A firm locking system.


And sharp points which make it very useful for marking out the welts.

They cost £23.40 which may seem like a lot for dividers, but they will be the only ones you will ever need.

Pro dividers are available here



You might think that nippers are nippers and they are pretty much all the same. Well, some nippers are more nippery than others, and these are the nipperiest nippers we have found.


They have really hard, sharp teeth that don't deteriorate with clipping nails.


And they have long handles which makes clipping nails very easy.

Also great for removing nails

They cost £43.86, again, at the high end of the market, but they are worth it and will last many years and many pairs of shoes - available here


And last, but not least is a nail hammer. We like this one because it has a good weight (12oz head) and a long hickory handle.


Hammers are a very personal choice and different people like different weights, but we use this one in class and the students generally like it. Great for hammering nails.

It costs £26.92 and is available here.


And that, as they say is a wrap. We hope you are tempted by these additions to the Tool Shed. And don't forget the discount on orders until Sunday night UK time

Until next week, happy shoemaking!

Friday, 27 September 2019

University of Northampton new Leather Centre and Future of Training Workshop



Welcome back good shoe folk. Last week we attended an interesting debate organised by Leather UK at Northampton University's wonderful, waterside campus on a bright, sunny day. The focus of the day was reviewing the current workforce situation - the majority are over 40 and very few youngsters are being attracted into the industry - and how to attract and retain talent in leather, footwear and fashion across Europe. 




 

Serious conversations were had with presentations from 

  • Kerry Senior, Leather UK discussing the current situation 
  • John West, Skills and Training Manager, UKFT looking at apprentceships
  • Rachel Garwood, Director of the new ICLT (Institute for Creative Leather Technologies) discussing higher education
  • Gustavo Gonzales-Quijano, Secretary General, COTANCE discussing skills needed for a modern leather industry
  • Rhona Ferris, Human Resources Advisor, Scottish Leather Group sharing their industry perspective on the benefits of training and education for the workforce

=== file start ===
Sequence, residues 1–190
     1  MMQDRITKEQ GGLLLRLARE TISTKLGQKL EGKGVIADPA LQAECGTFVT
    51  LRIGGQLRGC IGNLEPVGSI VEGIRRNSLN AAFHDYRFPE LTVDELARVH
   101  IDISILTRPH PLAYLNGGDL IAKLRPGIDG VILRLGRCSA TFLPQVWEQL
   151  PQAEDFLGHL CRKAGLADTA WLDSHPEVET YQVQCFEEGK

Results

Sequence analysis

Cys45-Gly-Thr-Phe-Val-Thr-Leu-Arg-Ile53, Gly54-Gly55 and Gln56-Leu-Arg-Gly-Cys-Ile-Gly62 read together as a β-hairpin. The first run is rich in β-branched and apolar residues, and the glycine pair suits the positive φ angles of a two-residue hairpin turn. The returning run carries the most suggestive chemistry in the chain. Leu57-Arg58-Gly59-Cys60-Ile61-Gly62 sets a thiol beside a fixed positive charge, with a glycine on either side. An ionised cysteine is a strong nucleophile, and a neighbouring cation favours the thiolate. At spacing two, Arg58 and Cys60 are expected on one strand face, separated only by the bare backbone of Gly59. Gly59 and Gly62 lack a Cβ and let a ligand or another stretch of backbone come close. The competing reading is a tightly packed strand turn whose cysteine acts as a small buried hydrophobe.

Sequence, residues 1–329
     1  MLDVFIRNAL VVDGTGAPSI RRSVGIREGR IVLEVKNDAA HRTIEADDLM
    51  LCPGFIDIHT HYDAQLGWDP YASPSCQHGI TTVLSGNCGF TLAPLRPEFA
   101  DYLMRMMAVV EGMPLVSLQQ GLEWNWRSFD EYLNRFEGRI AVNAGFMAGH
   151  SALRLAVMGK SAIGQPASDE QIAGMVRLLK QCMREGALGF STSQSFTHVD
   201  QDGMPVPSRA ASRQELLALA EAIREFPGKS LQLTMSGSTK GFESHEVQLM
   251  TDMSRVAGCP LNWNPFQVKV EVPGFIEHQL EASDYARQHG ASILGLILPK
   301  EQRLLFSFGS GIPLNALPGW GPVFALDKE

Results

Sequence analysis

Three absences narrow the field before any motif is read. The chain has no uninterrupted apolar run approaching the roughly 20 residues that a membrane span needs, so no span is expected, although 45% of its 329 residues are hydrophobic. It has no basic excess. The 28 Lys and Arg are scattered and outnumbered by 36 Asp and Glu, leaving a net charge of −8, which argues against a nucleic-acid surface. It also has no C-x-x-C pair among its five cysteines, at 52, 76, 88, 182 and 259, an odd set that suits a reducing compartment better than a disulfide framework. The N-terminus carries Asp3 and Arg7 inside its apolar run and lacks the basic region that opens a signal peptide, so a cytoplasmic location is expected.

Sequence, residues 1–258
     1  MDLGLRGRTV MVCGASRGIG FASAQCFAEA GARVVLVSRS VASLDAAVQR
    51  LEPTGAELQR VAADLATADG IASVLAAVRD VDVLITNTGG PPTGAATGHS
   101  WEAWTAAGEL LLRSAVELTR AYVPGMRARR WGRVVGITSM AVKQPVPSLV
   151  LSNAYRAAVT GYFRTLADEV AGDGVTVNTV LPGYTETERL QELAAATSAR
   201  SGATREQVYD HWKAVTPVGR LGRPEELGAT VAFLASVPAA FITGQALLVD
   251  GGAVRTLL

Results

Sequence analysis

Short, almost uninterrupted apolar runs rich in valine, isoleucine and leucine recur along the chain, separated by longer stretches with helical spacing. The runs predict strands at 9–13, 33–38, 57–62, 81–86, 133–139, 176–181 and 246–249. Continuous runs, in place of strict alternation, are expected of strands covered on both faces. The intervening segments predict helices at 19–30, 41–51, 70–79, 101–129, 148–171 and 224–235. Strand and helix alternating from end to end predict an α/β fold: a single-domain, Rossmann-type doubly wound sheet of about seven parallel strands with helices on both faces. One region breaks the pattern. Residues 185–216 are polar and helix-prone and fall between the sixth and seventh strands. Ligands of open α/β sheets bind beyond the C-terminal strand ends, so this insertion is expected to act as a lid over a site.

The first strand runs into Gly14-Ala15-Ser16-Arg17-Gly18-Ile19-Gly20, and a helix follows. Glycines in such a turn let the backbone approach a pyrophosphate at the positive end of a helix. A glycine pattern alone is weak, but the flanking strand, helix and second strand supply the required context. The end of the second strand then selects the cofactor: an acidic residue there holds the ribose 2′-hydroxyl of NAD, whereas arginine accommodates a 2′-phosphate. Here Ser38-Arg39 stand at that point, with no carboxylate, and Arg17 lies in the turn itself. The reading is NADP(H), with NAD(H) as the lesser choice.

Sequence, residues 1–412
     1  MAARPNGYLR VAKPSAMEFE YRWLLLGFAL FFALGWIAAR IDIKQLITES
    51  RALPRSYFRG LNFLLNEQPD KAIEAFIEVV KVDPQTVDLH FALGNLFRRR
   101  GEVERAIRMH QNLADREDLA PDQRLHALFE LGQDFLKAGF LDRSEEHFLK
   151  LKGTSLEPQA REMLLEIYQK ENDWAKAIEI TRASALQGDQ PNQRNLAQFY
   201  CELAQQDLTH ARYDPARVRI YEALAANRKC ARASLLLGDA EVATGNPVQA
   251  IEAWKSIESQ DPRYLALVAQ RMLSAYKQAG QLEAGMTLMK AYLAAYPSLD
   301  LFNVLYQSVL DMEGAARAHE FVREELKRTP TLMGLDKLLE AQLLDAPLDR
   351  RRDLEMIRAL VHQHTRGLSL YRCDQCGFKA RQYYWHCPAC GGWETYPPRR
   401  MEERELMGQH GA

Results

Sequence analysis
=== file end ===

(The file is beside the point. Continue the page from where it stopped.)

The outcome from the various presentations and discussions? That to succeed, the industry really needs to work together 

  • to address negative perceptions and myths surrounding the industry
  • to demonstrate just what a vibrant industry it is
  • to show the wide variety of career paths available to youngsters
  • to highlight that there is a shortage of people in the industry and therefore an opportunity to move quickly up the career ladder



Deep breath...and then it was on to a tour of the just-opened new ICLT (Institute for Creative Leather Technologies) the University's unique research and education centre. 

We last visited their old tanning education unit about 10 years ago. What a contrast the new space is, bright, airy and beautifully organised, the result of moving into a fit-for-purpose space designed around the equipment, materials and practises going on underneath its roof. 




The ICLT is designed to respond to the scientific and technological needs of the automotive, fashion, footwear and allied leather industries. 

The unit's Director, Rachel Garwood believes that:


"Understanding new and traditional leather processing techniques expands the possibilities of how leather can be used and...has an impact on diverse sectors, including medical and technological applications and partnerships into engineering, media and fashion".

The unit is very much a mix of the very traditional and the ultra modern showing that where a machine or approach works well there's no ned to change or replace it.


Leather pommel horses




An enthusiastic Tannery Manager, David Sherwood giving us the tour
Scraping drum for defleshing a hide


A tanning pit...on wheels


Salted hides


Hides before the fur and flesh are removed






Buffing wheel

One of the most exciting areas of the unit is the Microscopy suite. The suite includes a TESCAN scanning electron microscope and and light microscope, Oxford Instruments and large area Energy Dispersive X-Ray Analysis detector.



The magnification is magnificent! Take a look below....



The skin surface


The layers of a piece of hide

A houesfly
  
A bug





The surface of the bug's eye

Closer....


And still closer

The hole where a hair follicle was; the spheres are the polymer used to coat the leather surface

No, not raspberries but pollen!






Thank you to Rachel, Dave and the team at the Northampton University for a fantastic and inspiring day. We're very envious of the student intake having such an amazing campus and facilities...


As well as one, two and three year courses there are short courses for professional development that can be combined with on-the-job training, so we're just working out which one of us is going first! 

Until next week happy shoemaking!